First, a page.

As an accomplished filmmaker whose shorts have played True/False, HotDocs, the Toronto International Film Festival, and New York’s Museum of the Moving Image, Sophy Romvari understands the short film market. Unfortunately, it’s a pretty small one. Not only are there limited opportunities for shorts to be seen outside the insular but prestigious scope of the festival circuit, but there are even fewer opportunities to monetize the work. For now, however, Romvari has cooked up a solution to the former, and hopes to eventually figure out the latter as well.
Her Exquisite Shorts Program is “a space that allows filmmakers an opportunity to highlight work they care about, are inspired by, or that they simply believe deserves a platform,” according to a shiny new website, which Romvari launched earlier this month. “Our unique process of curation will encourage communication and support between filmmakers, as the baton is passed from one filmmaker to the next.”
The concept is simple: Every two weeks, a new film will screen on the site that was chosen by the filmmaker whose work showed previously. The filmmaker will appear via video to introduce the film and explain why they chose it from the pool of submissions, and the process repeats itself. The first short will be chosen by “Lingua Franca” filmmaker Isabel Sandoval, whose first two features are currently streaming on the Criterion Channel. By connecting filmmakers directly through their work, Romvari hopes to offer filmmakers insight into the curation process while also building community amongst creators.
“I’m hoping it gives an opportunity to filmmakers to highlight other filmmakers’ work,” Romvari said during a recent interview with IndieWire. “And that they can see the value in their own work by being paid for it, and by being given he opportunity to curate themselves.”
While the $200 dollar screening fee is mainly an honorarium at this point, she hopes to be able to increase the fee as the platform grows in prominence. Romvari raised initial funding for the project through IndieGoGo, but she’s eyeing brand sponsorships and hoping film institutions will see the value in supporting filmmakers at the beginning of their careers.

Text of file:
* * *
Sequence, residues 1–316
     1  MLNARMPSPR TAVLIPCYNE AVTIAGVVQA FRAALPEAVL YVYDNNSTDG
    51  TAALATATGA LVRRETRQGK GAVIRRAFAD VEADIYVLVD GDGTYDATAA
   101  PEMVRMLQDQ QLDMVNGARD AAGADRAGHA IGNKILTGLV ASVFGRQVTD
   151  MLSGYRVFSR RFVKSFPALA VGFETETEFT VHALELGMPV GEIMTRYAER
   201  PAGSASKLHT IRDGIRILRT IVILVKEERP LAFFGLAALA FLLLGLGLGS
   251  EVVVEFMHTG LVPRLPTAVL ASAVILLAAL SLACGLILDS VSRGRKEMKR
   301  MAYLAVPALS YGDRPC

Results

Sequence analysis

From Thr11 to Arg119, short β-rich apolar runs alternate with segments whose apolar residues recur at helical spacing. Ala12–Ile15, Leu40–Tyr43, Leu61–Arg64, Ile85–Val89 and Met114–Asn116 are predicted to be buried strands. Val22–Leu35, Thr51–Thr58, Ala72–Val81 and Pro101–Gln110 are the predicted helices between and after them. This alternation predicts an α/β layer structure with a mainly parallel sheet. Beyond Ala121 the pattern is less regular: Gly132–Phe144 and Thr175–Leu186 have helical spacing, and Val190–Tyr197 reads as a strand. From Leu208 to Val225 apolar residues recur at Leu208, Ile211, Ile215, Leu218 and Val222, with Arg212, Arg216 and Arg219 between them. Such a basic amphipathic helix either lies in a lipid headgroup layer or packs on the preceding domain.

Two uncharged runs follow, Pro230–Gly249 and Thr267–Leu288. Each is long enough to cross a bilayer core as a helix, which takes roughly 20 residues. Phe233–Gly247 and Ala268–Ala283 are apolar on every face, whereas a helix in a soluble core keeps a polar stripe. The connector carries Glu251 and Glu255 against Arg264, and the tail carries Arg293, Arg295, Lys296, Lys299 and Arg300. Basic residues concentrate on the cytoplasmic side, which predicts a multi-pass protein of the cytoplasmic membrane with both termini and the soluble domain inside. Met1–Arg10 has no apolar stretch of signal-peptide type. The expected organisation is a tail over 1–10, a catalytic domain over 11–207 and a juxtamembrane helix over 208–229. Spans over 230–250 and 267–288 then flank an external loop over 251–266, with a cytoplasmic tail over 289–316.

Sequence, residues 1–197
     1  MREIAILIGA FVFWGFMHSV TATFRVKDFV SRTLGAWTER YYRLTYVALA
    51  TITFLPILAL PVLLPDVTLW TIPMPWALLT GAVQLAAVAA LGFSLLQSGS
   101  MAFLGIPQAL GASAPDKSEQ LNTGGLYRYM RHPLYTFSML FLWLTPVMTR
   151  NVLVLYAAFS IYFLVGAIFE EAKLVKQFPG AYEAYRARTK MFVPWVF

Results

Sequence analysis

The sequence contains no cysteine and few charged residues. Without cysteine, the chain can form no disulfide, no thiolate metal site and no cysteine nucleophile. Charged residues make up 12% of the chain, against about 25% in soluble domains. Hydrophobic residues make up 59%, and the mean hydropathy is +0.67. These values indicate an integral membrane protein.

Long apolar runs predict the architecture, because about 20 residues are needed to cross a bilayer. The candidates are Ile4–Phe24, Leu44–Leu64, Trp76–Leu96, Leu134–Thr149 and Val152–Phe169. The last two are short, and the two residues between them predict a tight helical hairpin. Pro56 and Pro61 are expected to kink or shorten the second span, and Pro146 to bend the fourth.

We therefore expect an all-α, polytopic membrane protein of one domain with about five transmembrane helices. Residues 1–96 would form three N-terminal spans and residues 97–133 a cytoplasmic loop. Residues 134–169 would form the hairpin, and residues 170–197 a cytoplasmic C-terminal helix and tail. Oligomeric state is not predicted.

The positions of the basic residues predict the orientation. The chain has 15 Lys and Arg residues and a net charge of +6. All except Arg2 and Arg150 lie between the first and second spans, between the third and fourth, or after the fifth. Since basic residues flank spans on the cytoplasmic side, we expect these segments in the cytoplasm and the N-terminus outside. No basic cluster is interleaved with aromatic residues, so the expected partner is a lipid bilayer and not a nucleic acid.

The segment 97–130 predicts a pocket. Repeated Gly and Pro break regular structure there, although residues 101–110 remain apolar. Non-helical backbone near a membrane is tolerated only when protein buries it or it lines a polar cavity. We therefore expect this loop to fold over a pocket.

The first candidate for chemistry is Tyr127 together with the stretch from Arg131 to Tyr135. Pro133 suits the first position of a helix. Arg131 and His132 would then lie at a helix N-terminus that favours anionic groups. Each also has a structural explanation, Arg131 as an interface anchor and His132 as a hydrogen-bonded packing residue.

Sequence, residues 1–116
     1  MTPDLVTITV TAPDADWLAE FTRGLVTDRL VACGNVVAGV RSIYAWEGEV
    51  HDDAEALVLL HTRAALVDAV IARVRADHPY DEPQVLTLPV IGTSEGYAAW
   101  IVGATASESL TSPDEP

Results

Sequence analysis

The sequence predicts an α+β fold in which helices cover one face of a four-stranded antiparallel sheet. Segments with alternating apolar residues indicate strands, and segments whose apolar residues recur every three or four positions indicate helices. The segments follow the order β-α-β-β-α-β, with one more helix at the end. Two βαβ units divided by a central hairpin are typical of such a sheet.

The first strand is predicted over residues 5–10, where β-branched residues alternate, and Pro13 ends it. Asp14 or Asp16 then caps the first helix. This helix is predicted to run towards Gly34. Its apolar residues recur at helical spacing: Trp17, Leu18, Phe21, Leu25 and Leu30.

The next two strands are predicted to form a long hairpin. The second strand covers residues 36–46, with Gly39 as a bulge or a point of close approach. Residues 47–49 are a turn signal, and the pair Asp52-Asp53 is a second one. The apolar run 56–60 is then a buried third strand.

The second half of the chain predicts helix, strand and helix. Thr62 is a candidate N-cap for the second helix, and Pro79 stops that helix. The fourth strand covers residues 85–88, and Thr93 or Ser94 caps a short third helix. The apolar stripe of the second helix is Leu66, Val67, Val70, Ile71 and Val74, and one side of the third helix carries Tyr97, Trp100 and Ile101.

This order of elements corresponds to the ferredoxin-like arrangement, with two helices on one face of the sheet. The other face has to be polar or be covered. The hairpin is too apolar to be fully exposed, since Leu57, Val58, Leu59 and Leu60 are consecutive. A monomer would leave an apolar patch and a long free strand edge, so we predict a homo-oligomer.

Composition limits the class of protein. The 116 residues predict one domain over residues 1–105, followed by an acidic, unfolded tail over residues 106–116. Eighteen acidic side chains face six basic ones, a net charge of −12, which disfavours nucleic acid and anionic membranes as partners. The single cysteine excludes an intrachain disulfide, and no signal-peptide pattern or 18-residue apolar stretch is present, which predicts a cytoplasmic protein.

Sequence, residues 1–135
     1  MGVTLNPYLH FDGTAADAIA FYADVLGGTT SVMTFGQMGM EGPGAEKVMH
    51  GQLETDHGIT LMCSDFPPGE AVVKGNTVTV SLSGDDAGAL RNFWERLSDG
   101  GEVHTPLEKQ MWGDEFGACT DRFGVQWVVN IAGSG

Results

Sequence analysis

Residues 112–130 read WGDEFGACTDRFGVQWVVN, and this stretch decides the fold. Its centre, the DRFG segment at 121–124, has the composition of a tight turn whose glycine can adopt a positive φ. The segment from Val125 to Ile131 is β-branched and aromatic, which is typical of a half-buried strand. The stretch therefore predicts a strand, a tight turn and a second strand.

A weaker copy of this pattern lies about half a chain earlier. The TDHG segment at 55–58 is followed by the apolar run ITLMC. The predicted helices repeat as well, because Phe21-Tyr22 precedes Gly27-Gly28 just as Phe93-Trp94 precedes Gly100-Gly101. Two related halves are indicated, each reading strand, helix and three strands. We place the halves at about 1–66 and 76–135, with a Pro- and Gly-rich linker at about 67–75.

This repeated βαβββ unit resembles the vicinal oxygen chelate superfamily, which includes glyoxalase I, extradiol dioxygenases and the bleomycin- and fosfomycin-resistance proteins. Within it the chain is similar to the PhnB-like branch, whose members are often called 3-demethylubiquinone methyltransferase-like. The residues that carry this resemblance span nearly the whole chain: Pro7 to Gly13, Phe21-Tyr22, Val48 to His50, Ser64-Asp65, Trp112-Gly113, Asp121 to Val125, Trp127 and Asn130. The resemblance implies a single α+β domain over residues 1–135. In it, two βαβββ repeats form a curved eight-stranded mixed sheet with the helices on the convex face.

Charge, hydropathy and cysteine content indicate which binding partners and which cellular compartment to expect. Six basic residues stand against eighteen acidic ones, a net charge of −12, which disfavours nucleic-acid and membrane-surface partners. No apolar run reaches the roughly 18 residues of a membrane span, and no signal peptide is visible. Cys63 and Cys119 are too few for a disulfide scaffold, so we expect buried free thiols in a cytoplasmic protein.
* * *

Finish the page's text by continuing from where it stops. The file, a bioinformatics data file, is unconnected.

“There are a lot of filmmakers that are making shorts because they can’t financially make a feature, so it’s important to invest in filmmakers at that stage,” she said. “Especially filmmaking institutions that want to support minority filmmakers and filmmakers from different backgrounds … it seems like a missed opportunity.”
Even though short film is how almost all filmmakers begin making movies, there traditionally hasn’t been much support for the medium in the United States. While micro-short-form content gets shared in viral-sized chunks, and serialized episodics reign over our streaming platforms, somehow the art of the short film often seems to remain the purview of festivals and film schools.
The few online platforms for shorts distribution, like Vimeo and Short of the Week, offer limited exposure that rarely breaks out beyond a narrow scope. “I don’t know how much people in the industry are really paying attention to those things. They’re good hype for your film, but it’s kind of hard to value it cause there’s no revenue from that, it’s just the exposure bucks,” Romvari said. “All kinds of companies are trying to acquire shorts, but very few are actually paying any sort of license fee, they’re just trying to get content.”
And yet platforms are starting to blossom, including Exquisite Shorts and Kentucker Audley’s NoBudge, which recently opened up its own streaming platform that includes a majority of short films among its offerings. As Exquisite Shorts grows, Romvari plans to host virtual events and industry mixers for all of the filmmakers who have submitted their work.
Submissions for Exquisite Shorts are currently open for a nominal five dollar admission fee, which Romvari will waive for anyone who doesn’t have the funds. “It’s a bit of an experiment,” she said. “It’s gonna be very different from week to week, and I’m hoping it’s going to turn into a bit of a community space as well.”